Kossuth County Advance from Algona, Iowa on April 2, 1931 · Page 6
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Kossuth County Advance from Algona, Iowa · Page 6

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Algona, Iowa
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Thursday, April 2, 1931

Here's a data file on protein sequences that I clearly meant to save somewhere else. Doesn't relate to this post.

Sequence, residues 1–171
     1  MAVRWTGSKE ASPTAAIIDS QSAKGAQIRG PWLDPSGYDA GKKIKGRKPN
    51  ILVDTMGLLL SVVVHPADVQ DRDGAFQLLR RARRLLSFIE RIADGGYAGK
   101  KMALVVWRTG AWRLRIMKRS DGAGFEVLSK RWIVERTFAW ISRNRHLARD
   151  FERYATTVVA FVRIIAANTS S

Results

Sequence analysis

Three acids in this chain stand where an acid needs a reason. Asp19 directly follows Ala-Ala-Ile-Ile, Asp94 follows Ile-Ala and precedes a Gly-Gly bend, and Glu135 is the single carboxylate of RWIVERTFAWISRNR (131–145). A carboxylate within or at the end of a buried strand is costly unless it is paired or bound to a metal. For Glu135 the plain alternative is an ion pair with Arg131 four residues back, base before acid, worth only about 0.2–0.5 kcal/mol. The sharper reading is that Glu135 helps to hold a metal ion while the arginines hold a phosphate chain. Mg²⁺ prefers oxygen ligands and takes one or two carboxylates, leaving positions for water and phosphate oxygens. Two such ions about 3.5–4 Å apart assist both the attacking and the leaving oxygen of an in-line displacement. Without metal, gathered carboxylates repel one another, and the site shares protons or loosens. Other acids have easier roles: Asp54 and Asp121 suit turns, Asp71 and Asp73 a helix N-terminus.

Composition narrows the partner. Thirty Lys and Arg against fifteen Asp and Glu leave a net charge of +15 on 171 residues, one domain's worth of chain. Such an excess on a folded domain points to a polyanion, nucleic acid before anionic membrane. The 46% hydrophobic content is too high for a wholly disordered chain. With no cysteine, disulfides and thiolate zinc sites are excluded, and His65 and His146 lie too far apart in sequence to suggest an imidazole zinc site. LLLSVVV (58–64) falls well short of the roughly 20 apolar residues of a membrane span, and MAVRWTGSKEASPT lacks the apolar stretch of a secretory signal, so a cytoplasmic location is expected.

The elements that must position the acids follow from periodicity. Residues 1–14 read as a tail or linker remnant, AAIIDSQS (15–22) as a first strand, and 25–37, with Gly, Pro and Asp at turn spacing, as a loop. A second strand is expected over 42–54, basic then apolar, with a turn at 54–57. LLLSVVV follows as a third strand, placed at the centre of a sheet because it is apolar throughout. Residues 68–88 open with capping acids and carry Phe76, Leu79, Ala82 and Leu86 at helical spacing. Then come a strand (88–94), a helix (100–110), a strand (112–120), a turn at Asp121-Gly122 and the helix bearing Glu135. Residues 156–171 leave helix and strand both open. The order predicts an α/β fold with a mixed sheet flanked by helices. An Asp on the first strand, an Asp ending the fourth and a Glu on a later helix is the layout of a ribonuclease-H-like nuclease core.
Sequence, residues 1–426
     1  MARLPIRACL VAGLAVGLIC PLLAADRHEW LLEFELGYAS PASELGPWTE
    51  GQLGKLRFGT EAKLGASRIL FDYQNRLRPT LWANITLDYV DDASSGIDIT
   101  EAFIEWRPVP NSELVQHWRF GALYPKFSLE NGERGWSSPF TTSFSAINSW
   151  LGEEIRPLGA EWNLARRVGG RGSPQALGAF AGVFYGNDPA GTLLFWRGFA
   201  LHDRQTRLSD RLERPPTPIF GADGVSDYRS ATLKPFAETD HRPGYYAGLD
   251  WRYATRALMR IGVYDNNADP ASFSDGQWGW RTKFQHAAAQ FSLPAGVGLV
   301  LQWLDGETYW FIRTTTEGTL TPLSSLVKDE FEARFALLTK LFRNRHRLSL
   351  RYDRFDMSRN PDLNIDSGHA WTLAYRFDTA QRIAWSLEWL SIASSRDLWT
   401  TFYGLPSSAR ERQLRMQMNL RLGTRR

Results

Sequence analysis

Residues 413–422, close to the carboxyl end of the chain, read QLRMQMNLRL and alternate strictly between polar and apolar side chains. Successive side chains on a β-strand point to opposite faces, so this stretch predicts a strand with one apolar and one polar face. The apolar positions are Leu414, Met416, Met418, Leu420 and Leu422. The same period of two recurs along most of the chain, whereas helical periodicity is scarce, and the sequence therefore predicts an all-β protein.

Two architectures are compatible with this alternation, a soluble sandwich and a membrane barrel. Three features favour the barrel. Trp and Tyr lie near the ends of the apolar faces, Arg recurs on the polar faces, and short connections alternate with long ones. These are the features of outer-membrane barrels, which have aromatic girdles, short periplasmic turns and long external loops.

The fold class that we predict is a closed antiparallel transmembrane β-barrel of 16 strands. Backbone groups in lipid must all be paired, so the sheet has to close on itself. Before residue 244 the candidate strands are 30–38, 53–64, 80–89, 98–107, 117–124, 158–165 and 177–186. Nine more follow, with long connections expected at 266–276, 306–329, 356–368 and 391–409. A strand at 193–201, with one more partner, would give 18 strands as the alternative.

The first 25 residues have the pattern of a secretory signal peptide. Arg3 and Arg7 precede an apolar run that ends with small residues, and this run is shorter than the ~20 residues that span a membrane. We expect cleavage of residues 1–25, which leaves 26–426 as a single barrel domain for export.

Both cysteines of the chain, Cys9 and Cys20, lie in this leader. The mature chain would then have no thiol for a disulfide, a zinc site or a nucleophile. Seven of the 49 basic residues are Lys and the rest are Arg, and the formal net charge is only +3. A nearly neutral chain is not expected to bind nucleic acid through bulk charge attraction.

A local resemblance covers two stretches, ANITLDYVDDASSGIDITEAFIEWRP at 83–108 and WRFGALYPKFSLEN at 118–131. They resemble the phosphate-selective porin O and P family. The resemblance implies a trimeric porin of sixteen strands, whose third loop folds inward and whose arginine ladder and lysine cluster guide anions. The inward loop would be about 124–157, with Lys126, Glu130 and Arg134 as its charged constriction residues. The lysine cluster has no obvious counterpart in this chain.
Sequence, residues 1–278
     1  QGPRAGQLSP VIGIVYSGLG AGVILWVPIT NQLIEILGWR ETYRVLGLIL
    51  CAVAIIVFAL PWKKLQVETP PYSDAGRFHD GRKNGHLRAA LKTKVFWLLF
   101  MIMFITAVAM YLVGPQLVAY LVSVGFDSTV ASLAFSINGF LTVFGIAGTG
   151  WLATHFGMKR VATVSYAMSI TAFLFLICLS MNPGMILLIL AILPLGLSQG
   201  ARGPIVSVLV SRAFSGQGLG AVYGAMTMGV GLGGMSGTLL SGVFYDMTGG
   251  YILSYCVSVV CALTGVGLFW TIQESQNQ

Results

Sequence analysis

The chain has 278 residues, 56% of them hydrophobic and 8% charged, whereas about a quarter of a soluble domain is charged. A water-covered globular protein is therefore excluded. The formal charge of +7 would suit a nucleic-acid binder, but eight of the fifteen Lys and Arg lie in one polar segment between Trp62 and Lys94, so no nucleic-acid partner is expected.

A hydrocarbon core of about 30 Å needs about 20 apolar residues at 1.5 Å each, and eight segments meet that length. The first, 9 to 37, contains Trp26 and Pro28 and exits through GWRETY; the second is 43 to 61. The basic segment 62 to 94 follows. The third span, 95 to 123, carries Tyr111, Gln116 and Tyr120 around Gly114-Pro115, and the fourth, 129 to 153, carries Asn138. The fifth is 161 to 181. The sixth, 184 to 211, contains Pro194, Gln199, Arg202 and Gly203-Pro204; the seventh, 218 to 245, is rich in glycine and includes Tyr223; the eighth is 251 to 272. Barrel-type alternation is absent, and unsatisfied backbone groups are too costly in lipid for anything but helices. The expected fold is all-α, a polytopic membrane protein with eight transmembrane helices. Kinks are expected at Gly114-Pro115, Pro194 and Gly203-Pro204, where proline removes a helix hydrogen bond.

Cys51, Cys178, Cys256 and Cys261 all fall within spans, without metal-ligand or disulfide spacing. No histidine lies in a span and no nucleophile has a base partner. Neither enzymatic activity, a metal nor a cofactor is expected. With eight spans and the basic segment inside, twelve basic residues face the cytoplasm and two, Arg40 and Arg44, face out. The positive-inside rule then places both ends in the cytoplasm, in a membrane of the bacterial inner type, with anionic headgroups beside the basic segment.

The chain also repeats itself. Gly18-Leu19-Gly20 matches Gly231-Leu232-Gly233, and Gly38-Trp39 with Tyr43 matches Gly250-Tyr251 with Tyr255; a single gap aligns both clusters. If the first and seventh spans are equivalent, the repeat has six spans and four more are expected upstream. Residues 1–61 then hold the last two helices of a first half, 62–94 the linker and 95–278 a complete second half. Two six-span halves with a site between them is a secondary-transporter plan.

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t»AGE SIX KOSSUTH COOTftT ADVANCfi, ALQONA, IOWA . THtRSDAY A Weekly Newspaper Founded In 1»01. •NTBRED AS SECOND CLASS MATTER December 31, 1908, at the Postoffice at Al- :9tO3a, Iowa, under the act of March 2, 1879. TEHMS OF SUBSCRIPTION i\ —To Kossuth county postofflces and bordering postofficea at Armstrong, Bode, Brltt, Buffalo Cehtter, Corwlth, Cylinder, Blmore, Hutchins, Ltvermore, Ottosen, Rake, Ring»led, Rodman, Stllson, West Bend, and Woden, year $2.00 1—To all other U. S. Postofflces, year $2.BO T1IK M1LWAUKKK 1! AI MM) AD'S TAXKS IN KOSHUTH COUNTY -[From Milwaukee Knllrotul >"cws linrciiii.]- Coiinty treasurers located In Town counties In which t.Im Milwaukee railroad operates hnro this week received clieckH In pnynient. of tuxes. Kossuth county receives this year $17,080.21 out. of $1,»7.I,572.«2 paid by tlio Milwaukee In lowii. I'aymcnt Is iiindc In two Installments. The Milwaukee hns an Important Investment In Iowa, comprising rlplif-of-way, ?iulld- Ings, eiiulpmeiit, and more than 2,000 miles of track. Service Is maintained at 350 stations. In normal times Its payrolls In the state amount to more ilian $11,000,000 iiiiiiuiilly, divided among nearly 0,500 employes. Each year tlio road purchase's material.* and supplies costing more than $1,000,000 from manufacturers and producers In Town. Kallroad taxes have Increased considerably In recent, years. Complete figures for the year just closed are not as yet available, but In 1929 the railroads of this country paid lu taxes approximately $120,000,000. Since 1911 railroad taxes have Increased 302 per cent, while Investment In their properties Increased but 74 per cent. From these statistics It would appear that, so far as taxes are concerned, our railroads are In a class by themselves. BEPKESKXTATIVE HE1OASON AJfD HIS ASSESSOR. BILL ATTITUDE . "We find the following paragraph in the Ring- •sted Dispatch: "It is to be noted with satisfaction that north- •ern Iowa state representatives from this part of -the state supported the assessor bill which met defeat in the House last week. Helgason, of 3Smmet, Bonnstetter, of Kossuth,and Johnson, of Dickinson, voted for this measure. We believe ZDonlon, of Palo Alto, also supported the meas- iire. This bill may not have met with the ap- •proval of ali of our readers but it was the most jforward piece of legislation that has been of- lered towards equalizing taxes. The Kossuth County yVdvance recently intimated Helgason -would vote against this bill. We hope they take particular notice of his support of the bill when 3t came to a vote." The Advance did not say that Representative Helgason intended to vote against the bill, but aid express a fear that be might be inclined that -way. Comment published over his name in the Armstrong Journal appeared at the time to justify this fear and' some unpublished facts lent •color to it. In view of his later vote for the Ml, we withdraw whatever inferences may have been drawn. "Wo find this paragraph, which may or may not have a bearing, in a loiter from Representative Donlon, of Palo Alto county, published in Uhe Emmotsburg "Democrat: i "Avery, Bonnstettor, Donlon, llelgason and | Speaker Johnson voted for the bill. A few clays "before, Senator Patterson had called us together and asked us to vote together in support of this hill to help carry out the governor's plan for tax reform. He said it would help to get the income tax plan through the Senate and that the Gov- «rnor wanted both bills to pas.s." ligently. The choice of officials is haphazard and accidental. In the second place, the governor's hands are tied In many ways because he has no effective control over these officials. The governor is held responsible for state policies but the itiea'fis of enforcing his program Is, as regards these officials, withheld. The governor should be permitted to name his own aids in the same way that the president docs. This would enhance the Importance of the governorship and attract better men. It would help focus public, attention on state policies, and the people would have more effective control, for.by centering interest on the proposals of one sot of candidates they could determine definitely the policies to be pursued. Finally, the plan would be a great help to the governor in carrying out his policies. The Allen proposal hardly needs discussion. Though the constitution provides for senatorial redistricting after every census it la nearly 40 years since the state was redistrlcted. In spite of the current demand for redistricting, it does not at present seem likely that anything will lie done this winter. Political considerations .are too conflicting and the present favored districts selfishly oppose change. Obviously the legislature is no fit instrument to carry out the constitutional mandate. The power to rcdistrict should be lodged elsewhere, and the supremo court is the logical body to undertake the duty. This was suggested in an Advance editorial more than a year ago. Of course it is not at all likely that either of these bills will receive consideration, either now or in the far future. As was to be expected, they have been consigned to dusty pigeonholes, and that will be the last of them. We are a self- governing people, but when we once get Into a groove it takes hell and high water to drive us out. Topics of the Times Recce, of the Ravings column, suggests something that probably most people hadn't thought of before,' including perhaps the pastor of the L,ittle Brown church:'-The new 5-day marriage license notice requirement is likely to put a good-sized crimp Into the going-to-Nashua-to- be-marrled stunt. ' . It begins to look a.e"if the thing for the tax reformers to do'is to forget the income tax and the assessor bill, Concentrate on state senatorial redlstricting, -and wait till the next legislature convenes. AVIth fair representation in the Senate from northwest Iowa, both bills would have been law weeks ago. The Hampton Chronicle holds up an oleomargarine tax, a cigaret tax, and the like as ideal alternatives to the income tax. Sales taxes, eh? The kind that the wealthy do not feel but that weigh heavily on the poor! Such taxes on oleo and cigarets can be defended, but not as income tax substitutes, and they ought never to be imposed on necessities. The Webster City Freeman-Journal calls attention again to the fact that income taxes are .always and necessarily replacement taxes, even when no pledge to that effect is made. They replace other taxes by so much, and it is a mathematical impossibility to make them do otherwise. Opinions of the Editors THE MOTOR TKAXSI'Oirr.VTIOX PHOHLK.U AXD THE UAILllOADS Everyone interested in the economic problems of the times ought to devote-a moment to per-' usal of the contribution on this page from the Milwaukee railroad's news bureau. The Milwaukee crosses the county in almost a. straight line. The distance is approximately 25 miles. The railroad pays the county in 1930 taxes the sum of $17,!)30. This is $717 to the anile. The railroad maintains its own right of way. The county does not pay out a cent for upkeep. The railroad also maintains four stations in the county, and its agents spend most of their wages Jiere. It further maintains three section crews. Facts like these demand consideration .is Iowa cstudies the motor bus and truck problem. The >trus and the truck present both a public and a railroad problem. They are a public problem (1) •because the public maintains their right of way and (2) because they cripple the railroads. For 'the second reason they are a railroad problem -.also. To add aggravation to injury, the railroads •even have to help maintain the right of way for iheir competitors, since part of the taxes they .pay is allocated to the county road funds. Motor bus and truck transportation is so new •that there has not yet been time to solve the tproblems it presents. It took a generation to •work the railroad problem out to a satisfactory solution after it became acute in the SO's. It may mot take as long to deal with motor transportation, but it will take time. The problem has areached the acute stage and demands solution. Motor transportation has come to stay. It is a. development of the age and cannot be stopped. Moreover, it meets a need and must use the pub- ilc highways. No one can deny that, not even Tailroad executives. But the railroads are need- i*d too, more than that, vitally needed.. So the 3>roblem is not how to extinguish motor transportation but how to keep botli and give each of •them and the public a square deal. Solution of the problem will have to be •worked out through public regulation and taxation. The busses and the trucks must be made •to pay not only their .share ol highway capitalization and upkeep but of the costs of government. This will place them on a par with the railroads. Besides, they must be regulated. In "the interests of public use of the highways the jjlze and operation of busses and trucks must be lept within limits. Other regulations will doubtless have to be adopted to prevent undue crippling of the railroads, but these will have to be -worked out in the light of further experience. Since the foregoing was written, it is learned *hat the House at Des Moines passed a bill Monday limiting use of the highways by motor trucks which had already passed the Senate. The 5bill now awaits the governor's approval before becoming law. Details of the bill are not yet tknown here, but apparently it limits weight, -load, length, and speed. AVhether it applies to •busses also has not been learned. If it does not, it ehould be made to apply or busses should be •covered in another bill. The proposed law probably does not meet all the needs of the situation, tout It Is at least a start in the right direction. TWO GOOD BILLS WHICH LIE IX THE LEGISLATIVE CEMETEUY It is characteristic of legislative bodies to ignore bills proposing changes in the accepted (practice, even when it is generally agreed that tthe proposals possess merit. On fundamentals Jeff tola tui't-.s move only under great pressure. Two such bills in the present legislature are •the Elliott bill for adoption of the cabinet system of government and the Allen bill to place ctato senatorial redistricting: in the hands of the supreme court. The Elliott bill would do away with election of •*he secretary of state, auditor of state, treasurer «t state, etc., and make these officials appointive toy the governor. This would be applying the na- •tlonal .system to the state. The advantages of such a system are obvious tt» any student of government. In the first place, *he people are little Interested In candidates for offices in question and so do not vote intel- There'll l?o n Price to Pay. Towa Falls Citizen—The Kossuth County Advance says that legislators who defeat tax reform will bo held to accountability. AVell, they ought to be held to accountability. When the people have long memories, they will have greater response to the public demand. And Neither Meant a AVorrt of It. AA'bittemore Champion—"The Grouch," writing In the Republican, advocates that the next two sessions of the legislature put in their time repealing existing laws, in place of enacting new lines. Old stuff, Grouch. You are about ten years behind the times. The Champion advocated such a plea at least that many years ago, with a further proviso that the legislature meet but once every ten years, and then for one day only. As Seen by a' Strong Democrat. Kmmet.sbuw Democrat—Of course Congressman ITaugen and Senator Dickinson were for years staunch equalization fee advocates, but they cast aside the plank on which they rode into office for several terms in succession, and they are now supporting the administration. AVhy Xot Toll the Stato Hoard? Hampton Chronicle—The State University investigation is getting to be a bigger joke every day. If there is something wrong with the inside management down at the University why not tip it off to the state educational board. It would be remedied within two days time and would not cost the taxpayers of the state a cent either. The Other Side of the U Scholastic Policy [Albia Union-Republican.] Hereafter it will be more difficult to obtain a degree at the State University of Iowa. A raise in scholarship requirements for university students was announced recently. The change will become effective next September. Students entering tho university next fall will be required to have a "two point" or "C" average,If they are to graduate four years later. The average now required for graduation is one and one-half points, halfway between "C" and "D" grades. This will mean, it is said, that a total of 240 points will be necessary for obtaining a bachelor's degree, whereas 180 have previously been required. The Kossuth County Advance, at Algona, becomes "red in the face" with wrath over the proposal and demands that the present university investigation cease and a new one bo started with the new scholarship requirements as a basis. "AA'hat the university authorities, whether they know it or not, are aiming at is a school reserved for the rich and the brilliant," thunders the Advance. "The university was not established to educate the rich and the brilliant alone Its function is not to build up a scholastic aristocracy, but to take the common or garden variety of student and give him as good an education as he can absorb." Rigid requirements in the professional schools at the university are cited as horrible examples of what the whole system is coming to. Yet the educational grist mill seems to be turning oui Just as many doctors, lawyers, dentists, etc., a: it ever did, even though more time and more effort is required in the courses. And many ol these graduates continue to be the sons and daughters of average parents with average incomes. In fact, we d.sagree most cordially with the Algona editor's entire disagreement with the new ruling. If we know anything about educational activities in the larger schools and colleges, those individuals most seriously effected by a raising of scholarship requirements will be the idle sons of the idle rich. Generally speaking, there are probably more loafers to the square inch on any large university • campus than anywhere else in the world. The new order may put them to work. If it doesn't do that ii should put them "out." Either will be equally desirable. Usually it is the "average" boy or girl from the "average" home who is found washing dishes, waiting tables, tending furnaces and doing other things to get an education, and who is "making the grade" by dint of hard work and economy. It will be much easier for them to meet the new requirements than it will be for their more opulent brpthers and sisters. The Colyuiti Let's Not Be Too D—d Serious D OG-GONE THAT OLD syntax hound and grrtmrtmr sleuth up at Algona. AVe mean Brother Dowel, of the Kossuth County Advance. Here he Is poking fun at us just because, haying !>lcnty of letters at hand a while ago, and feeling in a generous mood, we referred to the dissemination' of information as having been "broad- casted," putting Ihe final "ed" on the word, which he says we should have let ride as "br.oad- cast." And he's even got Casey at the bat for him. over at Knoxville. " AVell, sir, Brother Dewel, and Brother Casey, we ain't no great shakes at manipulating the English "langwldge" so that every vowel and syllable shall be in strict accordance with someone's mice and regulations. We just try, in our humble and simple way, to express ourselves so the readers of this great palladium of liberty will, without straining themselves, get the idea that we may be trying to convey. And, by gum, all your highfalutin' rules to the contrary, nevertheless, and notwithstanding, when we say a thing has been "broadcasted," we mean It has been done, and gone and said. To broadcast ts to spread, to give out In quantity, to sow to the winds ot the world. One who broadcasts is a broadcaster, isn't he? When he stands In front of the microphone and through thn medium of his voice gives to the ethereal waves that which he intends to be received by the public for its joy and edification, he broadcasts, doesn't he? And when he Is through and goes back to sit down and await the response to his efforts which he hopes will come in the shape of fan letters, he has broadcasted, hasn't he? in your search for the pure and the undeflled in the realm of polite and correct usage of the words comprised in the language, you thumb your grammar, or your authority on words and their usage, and when you are through thumb- Ing, you have "thumbed," haven't you? You hum a tune, and when you stop humming you have hummed, haven't you? You send a message broadcast, and when you have sent It, you have broadcasted, haven't you? And that is just what we intended to articulate when we penned the article to which you except, and we hope you will forgive our shortcomings, "if you get what we mean." — Plain Talk, Des Moines. WE TOOK A AVEEK off to digest that, which was why there was no Colyum last week (like fun!), and in the meantime along comes the Story City Herald with this (which Plain Talk will, of course, talk plainly about this week)— "The editor of Des Moines Plain Talk has been taken to task by those grammatical sharks, the editors of the Algona Advance and the Knoxville Express, because he used the word 'broad- casted.' No such word, they said. Which proves that grammatical sharks get themselves in bad, because they do not keep tab on the new words. A-t any rate, our AVebster's New International Dictionary says plainly that 'broadcasted' is a perfectly good word, albeit a new one. (The worst of this wordy fracas is that Editor Gallarno made abeisance to the grammatical sharks, practically admitting they were correct, etc., when nil he had to do was to have us look up the word for him in our brand new dictionary, after which he could have broadcasted their ignorance to his heart's content.)" AVell, .we have that new International too, but we're not finite 1 so sure that it "says plainly" that "broadcasted" is a perfectly good word. In the main lexicon it does not appear, and the inference is that the word does not change in the preterit and the past participle. True, there is a New AVords section in which "broadcasted" is given as an alternative, but the following note hardly justifies "says plainly"— "The form 'broadcasted' for the preterit and past participle, though illogical on the analogy of 'cast,' is common." In view of this note, we should say that instead of saying plainly that "broadcasted" is a perfectly good word the International says It >retty doubtfully. AA'ould Plain Talk and the Herald say "John picked up a stone and casted it into the stream"? If they would, let them go to it: we prefer the English of Shakespeare— "How earnestly he cast his eyes upon me." GEORGE T, ANGUS FORMER KOSSUTH RESIDENT, PASSES Mr. and Mrs. N. TJ. Cotton, Lone Rock,- their daughter, Mrs. H. S. Shellito, Ames, and R. T.' Angus and his daughter, Mrs. Lawrence Dltt- mer, Lone Rock, returned Monday from Chicago Heights, 111., where they attended funeral services Saturday for Geo. T. Angus, brother of Mrs. Cotton and R. T. Angus. •Mr. Angus, who had lived. 35 years at Chicago Heights, a town of 22,500 inhabitants, 30 miles south of Chicago, was the son of the 'late Geo. S. and Mary Angus, of Kossuth county. He was* G'5 years old, having been "born June 16, ];8GG. His parents brought him to this county when he was IB years old. Later he attended business college, taught school and then attended Iowa state college, from which he was graduated In .isni with a degree in civil en glneering. After graduation he went to Chicago ynd entered the employ of un archltott. At the time of the World's Fair, he secured employment with the Mackolite Comapny, which constructed the first Industrial plant at Chicago .Heights. He rose to superintendent, and then, with a partner, bought the plant, which was renamed A. B. Fireproofing company. This company went out of business six years ago. Mr. Angus married a Rochester, Minn., girl' in 1900. They had a son who was named George. Mrs. Angus died in 191'2; and Mr. Angus was later married to a Chicago Heights girl, who bore him two daughters and a son. In UarmdnL/ with ASTE » The'new season calls for color—plenty of color—harmony in color or contrast in color. And here is a stock which gives every woman just what she wants in quality Footwear. In this showing are one straps, pumps and oxfords; in the style of heels you like and in the kind of leather? <- combination leather ^you desire. And .n line with economic conditions values \\ ire never so pronounced. Christensen Bros., Co. Shoe Department >+«««»»»»»««•»»»»»»»•»»»«»«»»+< . ^3 The Advance Does Job Printing—Give Us a Trial Ustcr DAY 111 odes * '•..... • .• -'4«• -• .. ' ".' THE TIMES-REPUBLICAN, of Corydon, noted recently that "Our legislature are facing an impassable passe." Ignoring the distressing use of a plural verb with a singular group noun, this stirred AV. J. Casey, veteran Knoxville Express editor, to remark— "Former Senator Karl Le Compte is editor of the Times-Republican, and he ought to know all about legislative procedure; and if he says the two houses 'are facing an impassable passe 1 we'll just have to call it an 'impassable paese' and let it go at that. AA r e hope grammatical ucrillas like Dewel, of the Algona Advance, and jocular jiggers like Jawn Carey, of the Sioux City Journal, will not make monkeys of themselves by dragging In AVebster's dictionary and trying to limit Karl to its worm-eaten Victorian diction. The house and senate have arrived at something impassable, and if it Isn't a 'passe,' what do you claim it is?" There it goes again! Syntax hound, grammar sleuth, grammatical shark, guerrilla. Doubtless It will be gorilla next! Just to show that none of these opprobrious names is (are) justified, we shall decline to reveal that AVard Barnes perpetrated "Gibralter" last week; or that C. H. P. (the S. C. Journal's best Book Chatterer on earth) used the strange word "Inadventant" (erstwhile favorite of H. S. M. and O. O. Mcln- tyre); or that H. S. M. has sprung a couple of new ones—"literateur" and "Des Moines Capitol"; or, finally, that the current Modern Woodman probably meant a little more than it actually expressed when it remarked that "Modern Woodmen of America has long been recognized as the peer of fraternal beneficiary societies." MONEY Money!—riches, fortune, pelf— Hoarded, squandered, stored on shelf, Toiled for, stolen, given, lent, AVorshipped, feared, disdained, and spent— Copeck, lira, guinea, sen, What the power you wield o'er men? Sequin, rouble, greenback note, Chinese cash and English groat, Shares of stock and notes of hand, Bonds and title deeds to land, Wampum beads and cowrie shell, AVhat your mystic charm, pray tell?. Oft your rule has led to shame. Trailed in mire an honored name, Woman's virtue bartered, sold. Treason, murder—all for gold! Peso, drachma, pleee-of-eight, AVhat your force of which men prate? Paper, copper, pewter, brass, Nickel, silver, bullion mass, Printed, minted stamped or coined, In one grand ensemble joined, AVidow's mite and miser's hoard, Tell me, why are you adored? Algona, Iowa —GEORGE H. FREE. Add Gossip ot the AVeek. [Over the Coffee.] Confidentially, now that Senator Dickinson has donned his toga and feels able to relax a bit It's whispered that he's to become a grandfather in late summer. OUR APOLOGIES to the Eldora Herald. The ad clipping in a recent Colyum about the P, & G. soap was not taken from the Herald but from the Iowa Falls Citizen. Honor to whom honor is due! AND, BESIDES, we can't put any faith In the judgment of a guy who spells it "abeisance." —ALIEN. iiiiimiiiiiuinimiiimiiiiimiiiiiiiiiiiiniiiiiiiiiiiiDiiiiH Accessories An Important Part of Wardrobe ACCESSORIES can do much to improve, or detract from the appearance of an otherwise well selected wardrobe. We pride ourselves on having just the right thing, "at the right time" and now is no exception to this rule, as our new Spring Accessories are here, and just waiting for your review and ' approval. Gloves Pine imported kid gloves — in pull-on styles in the new Spring shades of tan, mode, grey, white and black. Special values at prices ranging from $2.00 the pair and up. Bags Just to inarch, or harmonize with that new spring coat, suit or dress. Bags of soft calf skin or tooled effects, in all the new shapes and sizes, priced at from $2.95 and up. Millinery In an array of beauty—unsurpassed anywhere. What would Easter be without a new hat? Here you can choose from him. dreds that have just arrived, The prices, too, are very reasonable. Are You Ready For Easter? Looking Your Best This Year Costs So Little. And our late arrivals of Coats and Frocks will thrill you through and through. Featuring Pre-Easter Special of Fine Silk Frocks at $16.95 Hundreds of new frocks have just been received for Easter selling which our Mr. ChriBtensen has chosen this week while in the Eastern style centers: For the three days preceding Easter we are featuring an outstanding group of dresses which includes styles suitable for almost any occasion. This is truly a wonderful group of dresses that should demand your attention. We have silk dresses from $5,95 and up. Coots for Dress and Sport Wear af $19.75 and $29.75 \ We are featuring the two mentioned price groups of coats as they include every type of coat in the very newest styles as our Mr. Christensen, who is in the Eastern style centers this week, has sent us coats and coats that are truly wonderful. We have Coats from $12.95 and up. . Foundations Two important factors of dress. — without the proper foundation, your dress can't look good— without nice lingerie, you caix't feel good. Here you will find an abundance of both—and in just the styles, colors and prices you want. Christensen Bros. Company i*A!gQni*'$ Garment Center" Footwear In every color and style to go perfectly with your Easter costume. The shoe department has finer footwear tms Spring at cheaper prices than shown, in years. Costume Jewelry In beautiful reproductions of the most costly creations. necklaces that add dash ana color to every frock, ano , bring out that . "sometbinfT , that would be lacking vats- out it. "You must see tbetf to appreciate their beauty. Eatter In all the new Spring shade?, the new weights— "and al the new low prices"— t ing pure silk full "Wayne France" ' $1,00,